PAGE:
Use the smaller-sized text Use the larger-sized text Use the very large text

Odd Wisconsin Archive

Humble Henry Dodge


In 1841, Henry Dodge was at the peak of his fame. After coming to the Lead Region in 1827, his command of the local militia had turned the tide during the 1832 Black Hawk War. When Wisconsin became a territory in 1836, he was appointed its first governor and held the post for two terms.



So when Dodge passed through the village of Cottage Grove in 1841, his visit created quite a stir. He was well known to all the residents, who considered him almost a legend.

Gov. Dodge sought lodging at the Beecher Tavern. Mrs. Beecher, determined to set a table worthy of her distinguished guest, lovingly baked a great spread of delicacies to serve with dinner. To her dismay, when Dodge sat down to eat he ignored her fine "fixings" entirely, and went instead straight for the potatoes, bread, and pork that had been laid out. He filled himself with this hearty fare and left everything else untouched.

Still eager to show Dodge the very best that her inn could offer, Mrs. Beecher prepared his bedroom for the night with extra care. She brought in an expensive feather bed and added down-filled pillows to increase his comfort. But she was disappointed a second time.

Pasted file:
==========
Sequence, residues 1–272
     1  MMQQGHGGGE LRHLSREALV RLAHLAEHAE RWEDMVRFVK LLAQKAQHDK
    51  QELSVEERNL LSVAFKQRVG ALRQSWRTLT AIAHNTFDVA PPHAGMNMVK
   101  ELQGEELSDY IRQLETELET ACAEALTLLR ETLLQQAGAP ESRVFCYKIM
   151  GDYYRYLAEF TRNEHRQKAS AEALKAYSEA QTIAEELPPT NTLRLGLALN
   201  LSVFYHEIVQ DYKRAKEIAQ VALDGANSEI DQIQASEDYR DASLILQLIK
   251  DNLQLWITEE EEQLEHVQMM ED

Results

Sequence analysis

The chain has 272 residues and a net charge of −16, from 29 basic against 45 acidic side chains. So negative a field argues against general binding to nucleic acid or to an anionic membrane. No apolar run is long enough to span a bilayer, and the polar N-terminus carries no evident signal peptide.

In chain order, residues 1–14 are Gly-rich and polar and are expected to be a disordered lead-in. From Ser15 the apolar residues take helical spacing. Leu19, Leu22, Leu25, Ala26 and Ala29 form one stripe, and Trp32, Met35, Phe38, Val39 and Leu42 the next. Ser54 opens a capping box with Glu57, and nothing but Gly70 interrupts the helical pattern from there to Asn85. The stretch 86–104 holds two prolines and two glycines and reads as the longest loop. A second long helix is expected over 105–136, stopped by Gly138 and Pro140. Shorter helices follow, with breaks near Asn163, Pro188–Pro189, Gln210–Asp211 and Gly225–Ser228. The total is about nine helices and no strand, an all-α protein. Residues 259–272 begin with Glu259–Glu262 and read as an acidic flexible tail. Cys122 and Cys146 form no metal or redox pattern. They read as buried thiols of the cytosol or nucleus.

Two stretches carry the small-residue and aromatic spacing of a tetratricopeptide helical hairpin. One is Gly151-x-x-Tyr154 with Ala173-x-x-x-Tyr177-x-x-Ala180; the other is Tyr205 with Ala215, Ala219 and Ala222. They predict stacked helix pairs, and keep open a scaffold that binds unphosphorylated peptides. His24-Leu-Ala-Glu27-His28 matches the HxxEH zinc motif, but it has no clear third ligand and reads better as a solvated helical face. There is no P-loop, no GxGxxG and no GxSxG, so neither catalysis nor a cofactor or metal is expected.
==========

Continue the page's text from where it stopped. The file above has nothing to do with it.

Dodge asked if she would remove these carefully chosen items and simply provide him with a humble straw-filled mattress on which to sleep. He called this "a real luxury" and, despite all the landlady's doubts, slept like a log.

This and other stories of frontier Wisconsin are preserved in a booklet called Prairie Stories, published in 1934 by Society Museum director Charles E. Brown.


:: Posted in on June 22, 2010

  • Questions about this page? Email us
  • Email this page to a friend
select text size Use the smaller-sized textUse the larger-sized textUse the very large text